Electronic Theatre In-depth Review: Cave Story 3D

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Electronic Theatre ImageFrom its humble beginnings as a freeware PC title back released back in 2004, Cave Story has grown dramatically in terms of both audience and appreciation. Wearing its adventure videogame inspiration on its sleeve, for many Cave Story is considered an equal to the genre instigators, Metroid and CastleVania. And rightfully so, as Cave Story has proven it’s worth as a downloadable title on Wii and Nintendo DS, and now finally arrives at retail on Nintendo 3DS under the guise of Cave Story 3D.

Cave Story 3D takes place within the cavernous interior of a floating island. The island is populated by Mimigas, a race of sentient, rabbit-like humanoids. The player character, Quote, a robot, awakens in a cave with no Electronic Theatre Imagememory of how he came to be there. He finds a village of Mimigas, who are being persecuted by the Doctor. Two of the Doctor’sservants, Misery and Balrog, are looking for Sue Sakamoto, a girl who had been transformed into a Mimiga, but mistakenly abduct Toroko, another Mimiga, instead. It’s up to Quote to find Sue, rescue Toroko and defeat the Doctor.

While that premise is all well and good, you’ll find it difficult to accept as a jumping-off point in the videogame as the introduction is do malnourished. It’s almost as if players are expected to have read up on the story so far before even beginning to play. Thankfully the plot development beyond this point benefits from much better exposition, being tied to the gameplay in the same fashion as the 2D Metroid titles. Of course, as stated above, it’s Nintendo’s earliest adventures for the science-fiction bounty hunter that have had the greatest influence on Cave Story 3D, with many of the mechanics borrowed directly from Samus Aran’s unique mix of exploration, improvement and combat.

Cave Story 3D doesn’t feature a levelling system like most adventure games, nor a series of time-specific power ups like platform titles. Instead, progress is charted through the collection if upgrades to health and weapons, creating a hybrid of the two genres in exactly the same way as Metroid did more than twenty years ago. However, at present Cave Story 3D is without a Metroid title to compete againstElectronic Theatre Image on Nintendo 3DS, and as such is an incredibly enticing addition to the console’s software catalogue. It remains a simple remake of the original Cave Story however, though of course with added stereoscopic 3D capabilities.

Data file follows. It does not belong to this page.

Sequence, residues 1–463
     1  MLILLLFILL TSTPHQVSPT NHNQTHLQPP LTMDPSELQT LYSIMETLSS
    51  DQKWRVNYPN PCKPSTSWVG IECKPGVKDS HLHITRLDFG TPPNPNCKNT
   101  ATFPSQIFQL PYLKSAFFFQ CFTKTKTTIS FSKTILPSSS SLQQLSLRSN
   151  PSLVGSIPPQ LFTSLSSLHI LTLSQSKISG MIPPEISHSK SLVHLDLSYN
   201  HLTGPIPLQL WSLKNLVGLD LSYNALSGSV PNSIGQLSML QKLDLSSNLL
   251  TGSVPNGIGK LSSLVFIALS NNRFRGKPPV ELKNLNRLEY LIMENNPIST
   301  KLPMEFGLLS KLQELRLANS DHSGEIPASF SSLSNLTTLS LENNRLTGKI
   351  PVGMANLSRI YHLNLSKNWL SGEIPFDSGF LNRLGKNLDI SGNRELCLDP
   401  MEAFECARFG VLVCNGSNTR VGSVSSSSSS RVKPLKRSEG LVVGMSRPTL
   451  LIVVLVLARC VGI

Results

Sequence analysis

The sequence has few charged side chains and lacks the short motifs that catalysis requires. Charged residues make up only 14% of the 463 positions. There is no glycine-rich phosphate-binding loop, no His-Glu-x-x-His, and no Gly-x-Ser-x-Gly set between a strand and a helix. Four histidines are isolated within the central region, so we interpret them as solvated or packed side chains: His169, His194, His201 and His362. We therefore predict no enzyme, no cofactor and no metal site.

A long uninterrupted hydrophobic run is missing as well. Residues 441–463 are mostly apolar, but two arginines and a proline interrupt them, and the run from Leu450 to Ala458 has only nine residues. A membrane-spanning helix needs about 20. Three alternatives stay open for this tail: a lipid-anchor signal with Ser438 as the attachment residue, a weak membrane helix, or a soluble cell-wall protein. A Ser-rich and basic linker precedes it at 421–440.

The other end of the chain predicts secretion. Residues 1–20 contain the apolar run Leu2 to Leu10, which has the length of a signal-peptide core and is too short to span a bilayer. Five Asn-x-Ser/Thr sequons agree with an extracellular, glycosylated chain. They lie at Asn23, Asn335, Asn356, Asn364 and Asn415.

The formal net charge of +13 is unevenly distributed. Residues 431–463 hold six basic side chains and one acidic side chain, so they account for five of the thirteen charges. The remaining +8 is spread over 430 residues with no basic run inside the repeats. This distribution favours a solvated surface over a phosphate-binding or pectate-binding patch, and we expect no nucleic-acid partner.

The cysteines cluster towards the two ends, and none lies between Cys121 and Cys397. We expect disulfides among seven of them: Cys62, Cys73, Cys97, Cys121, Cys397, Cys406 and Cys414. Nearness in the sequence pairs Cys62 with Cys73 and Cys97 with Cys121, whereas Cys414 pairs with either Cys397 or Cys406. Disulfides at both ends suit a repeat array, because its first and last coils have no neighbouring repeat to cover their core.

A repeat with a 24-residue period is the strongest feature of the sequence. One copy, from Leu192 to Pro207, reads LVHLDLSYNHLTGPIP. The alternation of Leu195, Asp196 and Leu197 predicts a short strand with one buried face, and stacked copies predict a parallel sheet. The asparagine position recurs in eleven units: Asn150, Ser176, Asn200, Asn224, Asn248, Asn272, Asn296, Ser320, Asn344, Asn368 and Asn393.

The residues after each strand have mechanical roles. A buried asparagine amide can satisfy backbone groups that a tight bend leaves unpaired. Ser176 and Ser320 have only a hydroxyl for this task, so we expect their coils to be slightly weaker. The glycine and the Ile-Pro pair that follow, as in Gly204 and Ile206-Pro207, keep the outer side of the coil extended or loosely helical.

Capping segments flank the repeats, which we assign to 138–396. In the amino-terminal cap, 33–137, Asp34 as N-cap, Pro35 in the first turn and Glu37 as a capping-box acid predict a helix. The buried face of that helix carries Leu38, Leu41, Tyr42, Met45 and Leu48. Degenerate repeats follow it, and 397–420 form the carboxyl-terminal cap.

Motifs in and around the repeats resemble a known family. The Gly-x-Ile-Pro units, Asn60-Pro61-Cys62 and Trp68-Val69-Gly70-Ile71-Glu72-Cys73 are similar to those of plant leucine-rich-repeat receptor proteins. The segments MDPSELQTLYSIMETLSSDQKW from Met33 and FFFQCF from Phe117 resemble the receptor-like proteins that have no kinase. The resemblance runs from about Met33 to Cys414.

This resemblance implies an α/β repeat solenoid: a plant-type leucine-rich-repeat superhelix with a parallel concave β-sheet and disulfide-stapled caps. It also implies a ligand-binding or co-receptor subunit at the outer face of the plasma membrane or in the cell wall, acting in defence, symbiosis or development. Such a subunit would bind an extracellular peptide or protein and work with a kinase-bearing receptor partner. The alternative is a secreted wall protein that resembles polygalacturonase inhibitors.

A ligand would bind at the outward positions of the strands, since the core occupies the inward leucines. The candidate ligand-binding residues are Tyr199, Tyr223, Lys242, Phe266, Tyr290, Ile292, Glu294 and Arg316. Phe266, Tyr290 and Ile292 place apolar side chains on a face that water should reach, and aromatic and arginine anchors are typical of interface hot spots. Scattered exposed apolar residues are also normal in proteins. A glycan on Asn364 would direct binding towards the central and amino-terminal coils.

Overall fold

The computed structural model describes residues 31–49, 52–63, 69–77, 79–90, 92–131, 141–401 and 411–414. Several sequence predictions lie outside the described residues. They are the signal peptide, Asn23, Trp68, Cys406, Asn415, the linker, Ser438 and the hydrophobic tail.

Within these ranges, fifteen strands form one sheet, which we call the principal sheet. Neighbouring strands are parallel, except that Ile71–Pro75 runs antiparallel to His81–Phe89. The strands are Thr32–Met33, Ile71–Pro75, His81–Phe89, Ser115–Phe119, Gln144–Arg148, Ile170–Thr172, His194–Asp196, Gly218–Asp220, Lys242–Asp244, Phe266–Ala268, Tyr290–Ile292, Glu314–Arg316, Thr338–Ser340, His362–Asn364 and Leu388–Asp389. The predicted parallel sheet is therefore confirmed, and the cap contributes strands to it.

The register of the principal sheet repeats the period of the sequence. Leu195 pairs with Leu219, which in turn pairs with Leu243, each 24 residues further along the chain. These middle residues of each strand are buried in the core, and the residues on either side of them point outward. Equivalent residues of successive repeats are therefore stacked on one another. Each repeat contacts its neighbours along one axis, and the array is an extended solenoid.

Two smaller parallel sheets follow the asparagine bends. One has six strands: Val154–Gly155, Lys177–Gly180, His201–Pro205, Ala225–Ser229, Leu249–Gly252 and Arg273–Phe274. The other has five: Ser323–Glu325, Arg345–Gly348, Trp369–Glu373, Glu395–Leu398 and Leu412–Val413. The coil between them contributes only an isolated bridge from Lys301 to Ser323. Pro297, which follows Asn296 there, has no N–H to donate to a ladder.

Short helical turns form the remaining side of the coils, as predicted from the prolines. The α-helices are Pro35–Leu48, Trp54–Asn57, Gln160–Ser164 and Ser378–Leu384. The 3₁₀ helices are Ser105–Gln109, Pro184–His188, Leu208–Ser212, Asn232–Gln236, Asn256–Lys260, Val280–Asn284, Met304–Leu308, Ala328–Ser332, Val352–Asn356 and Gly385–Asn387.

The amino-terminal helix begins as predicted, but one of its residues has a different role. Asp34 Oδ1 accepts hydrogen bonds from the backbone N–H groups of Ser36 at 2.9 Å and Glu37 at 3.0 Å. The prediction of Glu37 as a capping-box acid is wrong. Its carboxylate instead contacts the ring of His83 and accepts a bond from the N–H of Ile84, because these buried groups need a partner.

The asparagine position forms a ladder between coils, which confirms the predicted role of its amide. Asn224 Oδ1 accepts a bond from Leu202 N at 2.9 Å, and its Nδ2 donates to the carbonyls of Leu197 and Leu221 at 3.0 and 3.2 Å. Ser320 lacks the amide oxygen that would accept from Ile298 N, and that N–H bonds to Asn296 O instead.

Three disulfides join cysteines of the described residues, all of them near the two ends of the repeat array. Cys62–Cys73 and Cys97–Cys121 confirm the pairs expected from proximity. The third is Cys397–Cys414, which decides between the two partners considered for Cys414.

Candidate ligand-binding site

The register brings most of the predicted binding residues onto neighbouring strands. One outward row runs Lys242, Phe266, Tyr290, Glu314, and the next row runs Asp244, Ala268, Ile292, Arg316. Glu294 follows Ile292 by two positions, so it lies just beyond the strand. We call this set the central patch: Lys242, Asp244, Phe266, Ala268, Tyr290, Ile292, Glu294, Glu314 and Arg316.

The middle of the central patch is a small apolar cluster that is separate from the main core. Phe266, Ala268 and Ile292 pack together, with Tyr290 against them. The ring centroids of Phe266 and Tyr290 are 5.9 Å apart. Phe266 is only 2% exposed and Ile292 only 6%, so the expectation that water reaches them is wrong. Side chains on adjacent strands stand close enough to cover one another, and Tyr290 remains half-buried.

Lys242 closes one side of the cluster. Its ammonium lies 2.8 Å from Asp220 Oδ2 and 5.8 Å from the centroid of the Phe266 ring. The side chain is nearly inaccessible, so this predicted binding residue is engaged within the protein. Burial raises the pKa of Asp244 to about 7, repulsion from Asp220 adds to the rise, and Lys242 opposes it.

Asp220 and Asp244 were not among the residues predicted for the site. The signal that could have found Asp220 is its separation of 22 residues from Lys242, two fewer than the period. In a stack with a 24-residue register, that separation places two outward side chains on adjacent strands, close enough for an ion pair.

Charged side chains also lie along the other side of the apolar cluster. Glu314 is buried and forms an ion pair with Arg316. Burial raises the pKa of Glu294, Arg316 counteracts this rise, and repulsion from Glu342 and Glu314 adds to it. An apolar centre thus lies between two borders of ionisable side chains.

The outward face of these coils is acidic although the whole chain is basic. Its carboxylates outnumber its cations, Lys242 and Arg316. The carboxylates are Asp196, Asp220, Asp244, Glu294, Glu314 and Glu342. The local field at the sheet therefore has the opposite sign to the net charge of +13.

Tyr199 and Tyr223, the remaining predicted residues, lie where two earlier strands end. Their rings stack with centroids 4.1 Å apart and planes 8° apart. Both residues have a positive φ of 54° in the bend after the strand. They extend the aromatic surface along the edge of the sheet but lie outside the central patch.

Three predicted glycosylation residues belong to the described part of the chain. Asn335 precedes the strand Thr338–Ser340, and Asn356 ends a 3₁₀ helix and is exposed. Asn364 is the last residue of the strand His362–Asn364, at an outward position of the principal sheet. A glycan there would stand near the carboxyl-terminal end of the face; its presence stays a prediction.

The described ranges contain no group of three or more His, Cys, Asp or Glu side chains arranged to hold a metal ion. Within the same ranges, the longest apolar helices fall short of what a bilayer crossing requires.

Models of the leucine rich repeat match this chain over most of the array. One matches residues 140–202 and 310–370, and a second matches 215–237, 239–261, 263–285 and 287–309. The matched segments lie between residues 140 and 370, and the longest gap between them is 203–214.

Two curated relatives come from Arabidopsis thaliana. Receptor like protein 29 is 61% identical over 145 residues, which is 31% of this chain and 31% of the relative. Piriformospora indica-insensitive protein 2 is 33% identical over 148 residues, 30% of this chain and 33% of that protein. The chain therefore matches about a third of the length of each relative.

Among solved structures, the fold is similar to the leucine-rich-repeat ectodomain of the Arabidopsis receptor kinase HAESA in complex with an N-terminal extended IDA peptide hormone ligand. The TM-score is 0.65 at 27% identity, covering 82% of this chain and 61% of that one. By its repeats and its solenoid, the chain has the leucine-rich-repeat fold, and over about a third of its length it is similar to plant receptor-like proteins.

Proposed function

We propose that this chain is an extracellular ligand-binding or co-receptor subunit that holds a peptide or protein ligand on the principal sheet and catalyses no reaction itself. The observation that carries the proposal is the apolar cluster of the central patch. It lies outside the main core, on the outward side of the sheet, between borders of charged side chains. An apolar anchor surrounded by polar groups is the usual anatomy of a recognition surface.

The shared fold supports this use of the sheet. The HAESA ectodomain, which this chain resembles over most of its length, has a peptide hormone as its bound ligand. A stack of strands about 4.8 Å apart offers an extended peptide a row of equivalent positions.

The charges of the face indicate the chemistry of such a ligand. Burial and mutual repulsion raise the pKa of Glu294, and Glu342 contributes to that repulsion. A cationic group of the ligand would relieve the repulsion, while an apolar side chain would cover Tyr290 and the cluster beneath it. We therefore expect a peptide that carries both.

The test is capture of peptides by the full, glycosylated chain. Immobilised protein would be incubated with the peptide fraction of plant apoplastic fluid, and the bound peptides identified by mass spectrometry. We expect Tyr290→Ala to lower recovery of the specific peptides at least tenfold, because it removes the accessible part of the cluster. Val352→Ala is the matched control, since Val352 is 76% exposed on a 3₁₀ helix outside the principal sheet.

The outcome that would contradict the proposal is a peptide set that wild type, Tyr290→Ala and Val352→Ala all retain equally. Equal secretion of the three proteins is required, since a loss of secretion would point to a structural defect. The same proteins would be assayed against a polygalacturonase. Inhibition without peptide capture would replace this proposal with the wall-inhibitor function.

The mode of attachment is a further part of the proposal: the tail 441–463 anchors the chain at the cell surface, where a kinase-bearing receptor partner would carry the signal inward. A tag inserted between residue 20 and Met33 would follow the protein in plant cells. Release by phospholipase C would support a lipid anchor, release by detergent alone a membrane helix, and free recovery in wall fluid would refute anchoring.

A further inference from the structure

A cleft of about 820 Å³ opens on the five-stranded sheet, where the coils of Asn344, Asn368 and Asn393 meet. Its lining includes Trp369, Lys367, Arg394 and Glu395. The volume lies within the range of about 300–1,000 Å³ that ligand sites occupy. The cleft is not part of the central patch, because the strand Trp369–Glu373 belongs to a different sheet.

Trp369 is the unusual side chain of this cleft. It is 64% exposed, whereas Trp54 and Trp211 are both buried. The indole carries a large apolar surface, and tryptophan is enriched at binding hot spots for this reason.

Over the years since the original Cave Story saw release, the many new iterations have pushed the aesthetic design into new territories, so much so that Quote is now a familiar and recognisable videogame icon. Here on Nintendo 3DS, Cave Story 3D does have a new character all of its own, but many of the locations still resemble the humble pixelated beginnings. For those who have already invested in the title on another format, it’ll certainly be a tough decision whether Cave Story 3D is worth purchasing purely for its spruced-up visual quality.

Cave Story 3D is a remarkably engrossing adventure videogame, and one that at present is without equal on Nintendo 3DS. It’s a videogame made by fans out of love for 2D adventures, and with that has come to be considered a title responsible for breaking new ground in the genre. The top tier of Metroid and CastleVania titles are still considered to be their early 2D outings, and while fans will surely be hankering for a true sequel to Cave Story, with Cave Story 3D Nicalis has created a videogame that deserves to be credited with pioneering the genre on Nintendo 3DS.

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